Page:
CB2 has always set the bar high when it comes to bringing modern, yet eclectic home decor and housewares to the market. To continue in its aim to produce some of the most stunning pieces for our abodes, the brand recently launched a new collection designed entirely by a powerhouse roster of Black artists from around the world.

The Black in Design Collective features ten new designers, brought together and mentored by Evan Jerry, the Black designer and artist
behind many CB2 statement-makers. Sourced from the streets of Paris, France and Lagos, Nigeria to the shores of the Caribbean islands, the various pieces were created with the African Diaspora in mind.

EBONY chatted with the Black in Design Collective curator to learn more about the rollout, and to get a glimpse at some of the pieces we should be eyeing for our homes.

Image: Courtesy of CB2.

EBONY: How did you decide to work with CB2 on this collective of Black artists and designers?

Evan Jerry: Black designers and their perspectives are still largely underrepresented in the design industry. CB2 had expressed their dedication to working towards a more diverse and equitable design industry and, from its conception, the core of Studio ANANSI is about pushing toward new narratives, particularly Black centric storytelling through design. Having already developed an ongoing relationship with the brand and team, I felt we had the necessary level of trust needed to tackle an endeavor and vision on this scale and with the sensitivity it required.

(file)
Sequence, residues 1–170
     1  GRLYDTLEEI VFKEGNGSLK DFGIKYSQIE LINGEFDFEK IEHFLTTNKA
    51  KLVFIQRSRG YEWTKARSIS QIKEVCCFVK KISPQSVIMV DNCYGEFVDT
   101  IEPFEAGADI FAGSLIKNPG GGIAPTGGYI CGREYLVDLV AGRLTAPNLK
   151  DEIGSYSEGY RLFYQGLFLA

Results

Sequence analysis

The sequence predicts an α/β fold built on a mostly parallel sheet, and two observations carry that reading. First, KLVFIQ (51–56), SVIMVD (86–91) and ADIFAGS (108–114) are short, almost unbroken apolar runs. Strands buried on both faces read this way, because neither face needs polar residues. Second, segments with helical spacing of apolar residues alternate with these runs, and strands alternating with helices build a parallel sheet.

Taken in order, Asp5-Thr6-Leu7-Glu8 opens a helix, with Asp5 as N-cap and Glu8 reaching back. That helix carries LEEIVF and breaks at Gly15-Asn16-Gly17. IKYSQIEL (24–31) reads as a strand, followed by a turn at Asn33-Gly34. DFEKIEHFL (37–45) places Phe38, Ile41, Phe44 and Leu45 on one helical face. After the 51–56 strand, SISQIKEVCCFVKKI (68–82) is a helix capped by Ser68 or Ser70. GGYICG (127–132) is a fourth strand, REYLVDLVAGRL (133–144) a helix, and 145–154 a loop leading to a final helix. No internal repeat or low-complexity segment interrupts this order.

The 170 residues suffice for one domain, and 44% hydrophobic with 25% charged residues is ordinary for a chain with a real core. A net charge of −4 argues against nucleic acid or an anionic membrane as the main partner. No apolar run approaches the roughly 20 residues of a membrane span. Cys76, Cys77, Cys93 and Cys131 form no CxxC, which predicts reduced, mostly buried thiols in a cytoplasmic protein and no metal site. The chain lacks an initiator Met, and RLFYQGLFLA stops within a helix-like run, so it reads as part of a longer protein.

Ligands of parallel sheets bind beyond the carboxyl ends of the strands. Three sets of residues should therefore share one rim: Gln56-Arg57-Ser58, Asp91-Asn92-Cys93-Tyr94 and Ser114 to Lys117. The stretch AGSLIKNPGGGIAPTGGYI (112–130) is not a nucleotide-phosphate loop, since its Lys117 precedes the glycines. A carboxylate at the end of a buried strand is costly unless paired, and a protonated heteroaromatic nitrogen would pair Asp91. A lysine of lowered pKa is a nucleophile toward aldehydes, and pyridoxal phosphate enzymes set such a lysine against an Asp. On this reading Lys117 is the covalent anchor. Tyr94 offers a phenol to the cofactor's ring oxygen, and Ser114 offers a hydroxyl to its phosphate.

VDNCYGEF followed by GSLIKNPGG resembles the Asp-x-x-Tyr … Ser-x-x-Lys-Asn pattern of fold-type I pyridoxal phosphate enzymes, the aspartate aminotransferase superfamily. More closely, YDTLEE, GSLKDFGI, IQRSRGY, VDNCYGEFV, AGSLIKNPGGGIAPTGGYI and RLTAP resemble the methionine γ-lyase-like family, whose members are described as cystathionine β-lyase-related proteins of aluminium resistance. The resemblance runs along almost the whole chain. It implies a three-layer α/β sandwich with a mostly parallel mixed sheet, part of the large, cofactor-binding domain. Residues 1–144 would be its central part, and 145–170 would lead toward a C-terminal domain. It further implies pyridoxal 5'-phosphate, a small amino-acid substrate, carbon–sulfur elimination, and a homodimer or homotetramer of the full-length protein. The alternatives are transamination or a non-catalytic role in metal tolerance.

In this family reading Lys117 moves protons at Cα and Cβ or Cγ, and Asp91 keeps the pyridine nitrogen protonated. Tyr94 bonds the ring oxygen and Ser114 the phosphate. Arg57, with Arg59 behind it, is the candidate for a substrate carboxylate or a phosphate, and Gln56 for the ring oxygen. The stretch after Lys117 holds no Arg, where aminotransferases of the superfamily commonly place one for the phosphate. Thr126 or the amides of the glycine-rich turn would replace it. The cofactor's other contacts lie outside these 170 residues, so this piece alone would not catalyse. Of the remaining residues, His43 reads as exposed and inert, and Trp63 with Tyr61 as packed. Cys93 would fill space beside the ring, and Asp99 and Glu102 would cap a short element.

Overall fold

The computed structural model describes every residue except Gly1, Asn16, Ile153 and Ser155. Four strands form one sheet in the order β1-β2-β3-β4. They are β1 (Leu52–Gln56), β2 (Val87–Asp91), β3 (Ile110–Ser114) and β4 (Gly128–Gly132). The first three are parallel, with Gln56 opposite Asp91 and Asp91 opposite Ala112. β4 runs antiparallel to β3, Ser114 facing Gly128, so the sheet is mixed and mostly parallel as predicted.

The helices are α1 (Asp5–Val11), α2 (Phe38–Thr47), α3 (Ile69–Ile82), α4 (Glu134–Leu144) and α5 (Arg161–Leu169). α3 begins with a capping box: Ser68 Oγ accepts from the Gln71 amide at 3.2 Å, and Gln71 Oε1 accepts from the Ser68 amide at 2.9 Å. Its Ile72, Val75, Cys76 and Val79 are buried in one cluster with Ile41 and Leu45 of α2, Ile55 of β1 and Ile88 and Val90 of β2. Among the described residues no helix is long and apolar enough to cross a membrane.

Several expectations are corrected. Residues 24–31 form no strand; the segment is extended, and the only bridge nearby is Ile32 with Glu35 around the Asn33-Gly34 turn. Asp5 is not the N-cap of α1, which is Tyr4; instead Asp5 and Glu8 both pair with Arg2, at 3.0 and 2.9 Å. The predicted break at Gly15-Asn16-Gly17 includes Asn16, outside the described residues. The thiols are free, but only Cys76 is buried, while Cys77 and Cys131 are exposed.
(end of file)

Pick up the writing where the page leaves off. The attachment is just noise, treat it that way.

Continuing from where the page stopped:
Image: Courtesy of CB2.

Can you share more on what we can expect from this global roster of designers?

This project was conceived to allow space for Black designers to explore and present some of the many perspectives in which people connect and identify as Black through objects—something many designers never had the opportunity to explore or express previously. Each individual object's visual language is led by the narrative each designer chose to express, and in result manifested a sophisticated, eclectic and nuanced collection of objects that invite the consumer to engage and discover.

This may be hard, I'm sure, but what are some of your favorite standout pieces?

It’s tough to choose favorites, as each designer's narrative and approach hold equal value to this project. If I were to discuss a few furniture pieces that really resonated with me, I would select the Barber Shop inspired Dining Chair by Luam Malek, and the collection of tables drawing inspiration from construction methods used throughout the Caribbean by Jerome Byron.

Image: Courtesy of CB2.